SOME of the €300m earmarked to upgrade the public water network could now be spent on repairing burst pipes, it emerged yesterday, as water restrictions continued to ease yesterday.
Dublin City Council confirmed that supply outstripped demand in recent days -- including during New Year's Eve -- but restrictions in the capital will ease significantly from today.
However, night-time restrictions between 7pm and 7am are likely to continue until the middle of the month.
A significant improvement was also reported yesterday in other badly affected counties, including Mayo and Leitrim, although there are pockets of homes that remain without supply, including hundreds of houses in Clare and Galway.
However, the decision to supply homes and businesses with water throughout New Year's Eve did not mean a major fall-off in the small surplus in Dublin city.
"We were slightly apprehensive that by putting the system back in operation we would use our surplus but we were delighted that it didn't happen that way," a Dublin City Council spokesman said.
"It was about evens in terms of supply and demand for the day, and yesterday there was a gain in the amount of water going into storage at Stillorgan reservoir.
"Ideally, what we need is about two days' supply in the reservoir. It now stands at just over one day's supply but it's heading in the right direction.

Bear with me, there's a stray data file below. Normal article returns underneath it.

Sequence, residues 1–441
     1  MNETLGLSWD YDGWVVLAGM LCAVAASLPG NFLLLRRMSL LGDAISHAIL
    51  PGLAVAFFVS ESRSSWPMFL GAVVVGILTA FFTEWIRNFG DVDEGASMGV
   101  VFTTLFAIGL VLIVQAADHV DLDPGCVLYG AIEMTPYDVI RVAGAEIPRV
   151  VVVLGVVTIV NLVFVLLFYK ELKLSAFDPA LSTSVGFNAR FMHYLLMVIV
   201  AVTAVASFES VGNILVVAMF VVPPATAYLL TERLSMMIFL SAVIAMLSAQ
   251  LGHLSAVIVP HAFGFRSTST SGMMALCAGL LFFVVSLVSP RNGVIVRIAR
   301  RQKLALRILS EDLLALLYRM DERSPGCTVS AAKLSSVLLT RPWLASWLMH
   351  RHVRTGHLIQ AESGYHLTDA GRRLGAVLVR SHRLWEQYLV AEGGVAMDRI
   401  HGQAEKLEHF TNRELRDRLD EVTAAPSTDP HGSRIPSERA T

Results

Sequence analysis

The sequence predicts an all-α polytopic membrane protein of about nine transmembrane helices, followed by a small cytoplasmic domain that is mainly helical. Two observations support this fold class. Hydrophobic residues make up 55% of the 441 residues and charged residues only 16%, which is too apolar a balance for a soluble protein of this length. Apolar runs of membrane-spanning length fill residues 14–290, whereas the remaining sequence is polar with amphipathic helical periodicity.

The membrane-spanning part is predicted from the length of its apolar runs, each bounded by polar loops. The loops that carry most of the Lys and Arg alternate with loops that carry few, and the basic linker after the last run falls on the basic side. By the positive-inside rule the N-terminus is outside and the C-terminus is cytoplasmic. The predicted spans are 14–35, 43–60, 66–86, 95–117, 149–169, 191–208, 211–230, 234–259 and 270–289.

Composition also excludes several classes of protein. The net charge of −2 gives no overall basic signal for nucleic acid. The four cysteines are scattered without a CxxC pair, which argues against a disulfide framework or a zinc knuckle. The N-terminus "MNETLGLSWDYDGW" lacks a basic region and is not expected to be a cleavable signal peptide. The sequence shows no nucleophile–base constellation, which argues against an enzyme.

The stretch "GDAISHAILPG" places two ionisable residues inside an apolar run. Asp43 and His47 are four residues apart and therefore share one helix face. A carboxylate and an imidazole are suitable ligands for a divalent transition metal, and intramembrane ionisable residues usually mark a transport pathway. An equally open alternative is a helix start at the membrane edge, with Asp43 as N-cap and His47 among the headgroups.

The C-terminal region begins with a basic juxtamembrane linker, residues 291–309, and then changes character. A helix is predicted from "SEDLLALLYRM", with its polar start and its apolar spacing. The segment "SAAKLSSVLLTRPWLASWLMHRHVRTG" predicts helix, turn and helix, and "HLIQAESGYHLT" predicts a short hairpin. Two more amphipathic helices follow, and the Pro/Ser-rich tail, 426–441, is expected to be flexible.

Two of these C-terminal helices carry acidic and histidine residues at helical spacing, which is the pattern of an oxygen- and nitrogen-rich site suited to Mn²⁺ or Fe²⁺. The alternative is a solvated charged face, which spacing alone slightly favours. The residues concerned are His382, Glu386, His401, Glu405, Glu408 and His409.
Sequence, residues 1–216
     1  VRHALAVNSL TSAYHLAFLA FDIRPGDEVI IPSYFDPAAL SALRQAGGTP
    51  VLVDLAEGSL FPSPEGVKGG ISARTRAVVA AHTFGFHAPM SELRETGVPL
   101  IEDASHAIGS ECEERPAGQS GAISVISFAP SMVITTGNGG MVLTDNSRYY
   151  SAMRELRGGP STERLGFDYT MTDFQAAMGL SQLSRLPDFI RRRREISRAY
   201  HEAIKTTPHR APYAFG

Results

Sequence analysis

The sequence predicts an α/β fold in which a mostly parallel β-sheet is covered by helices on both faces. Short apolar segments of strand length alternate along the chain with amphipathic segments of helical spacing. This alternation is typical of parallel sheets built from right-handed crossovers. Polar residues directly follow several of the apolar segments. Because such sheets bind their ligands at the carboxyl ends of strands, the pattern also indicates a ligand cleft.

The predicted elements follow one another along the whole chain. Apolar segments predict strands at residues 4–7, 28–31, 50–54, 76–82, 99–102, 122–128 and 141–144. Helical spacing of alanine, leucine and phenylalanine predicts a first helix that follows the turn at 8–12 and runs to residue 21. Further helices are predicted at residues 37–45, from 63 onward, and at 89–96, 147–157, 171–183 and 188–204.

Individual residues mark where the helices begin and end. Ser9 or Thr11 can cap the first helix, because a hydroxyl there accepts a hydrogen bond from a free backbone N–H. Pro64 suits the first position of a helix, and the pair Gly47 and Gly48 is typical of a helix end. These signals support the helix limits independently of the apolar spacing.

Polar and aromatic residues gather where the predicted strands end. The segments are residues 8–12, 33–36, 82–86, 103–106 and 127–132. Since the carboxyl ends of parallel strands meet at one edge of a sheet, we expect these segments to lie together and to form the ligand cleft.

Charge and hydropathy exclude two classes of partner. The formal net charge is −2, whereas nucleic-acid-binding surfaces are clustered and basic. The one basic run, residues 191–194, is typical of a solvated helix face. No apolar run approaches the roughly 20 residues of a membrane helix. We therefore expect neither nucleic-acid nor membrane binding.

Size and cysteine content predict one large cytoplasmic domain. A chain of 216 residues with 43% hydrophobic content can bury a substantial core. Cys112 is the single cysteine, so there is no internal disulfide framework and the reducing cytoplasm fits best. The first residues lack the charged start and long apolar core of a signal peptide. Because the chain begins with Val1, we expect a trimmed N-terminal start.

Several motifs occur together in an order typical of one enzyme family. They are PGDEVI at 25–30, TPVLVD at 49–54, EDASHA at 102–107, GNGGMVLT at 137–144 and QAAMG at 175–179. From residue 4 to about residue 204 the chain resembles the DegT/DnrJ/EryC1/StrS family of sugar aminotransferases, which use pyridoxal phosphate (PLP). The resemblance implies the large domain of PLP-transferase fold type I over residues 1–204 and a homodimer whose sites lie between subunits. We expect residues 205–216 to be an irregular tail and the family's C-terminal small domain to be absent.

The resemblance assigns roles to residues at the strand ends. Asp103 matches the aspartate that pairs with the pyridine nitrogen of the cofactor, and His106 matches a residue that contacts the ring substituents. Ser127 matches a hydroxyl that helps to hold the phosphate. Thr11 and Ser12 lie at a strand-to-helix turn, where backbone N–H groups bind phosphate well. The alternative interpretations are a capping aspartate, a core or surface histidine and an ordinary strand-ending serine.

"But it's still going to take another 10 to 12 days to get back to a situation where we are comfortable."
Although Dublin City Council was putting a positive spin on restrictions, there are still some estates without water, including Delvin Banks in the Naul.
"We haven't had water since St Stephen's Day," Ciaran Brady told the Irish Independent after he and his daughter Mia (3) filled containers from a tanker at a nearby shopping centre.
"We have a 10-week-old child so it's not easy. We're coping but it's a real nuisance and has been going on for a while now. We got an hour yesterday to put on a wash but then it was gone again.
"With all the talk of water being available, we're obviously the exception."
Local authorities have called on people to check office blocks and schools for pipe breakages and leaks before they reopen tomorrow.
But the Department of the Environment has denied reports that hundreds of millions of euro from the Water Services Investment Programme will be diverted to repair burst pipes.
"That money has been earmarked for water conservation measures and that is what it will be spent on," a spokesman said, but added: "Part of this will involve the upgrade of 600km of new pipes. But the water conservation measures include the fixing of leaking pipes and obviously that will include burst pipes too."
A review of local authorities' handling of the recent cold snap is to take place later this week, but the department has again ruled out compensation for businesses affected by water shortages or poorly-gritted roads.
The County and City Managers Association (CCMA) said yesterday that almost 20,000 local authority workers were out over the Christmas period distributing 80,000 tonnes of salt.
"This was a major operation for local authorities because the weather conditions were so severe," CCMA chairman Eddie Breen said yesterday.
"We are very pleased with the response and with the way our systems worked to keep the main roads open and to assist the public."
Temperatures are set to dip to minus five in some areas tonight, and will continue to hover around freezing point at night for much of the week.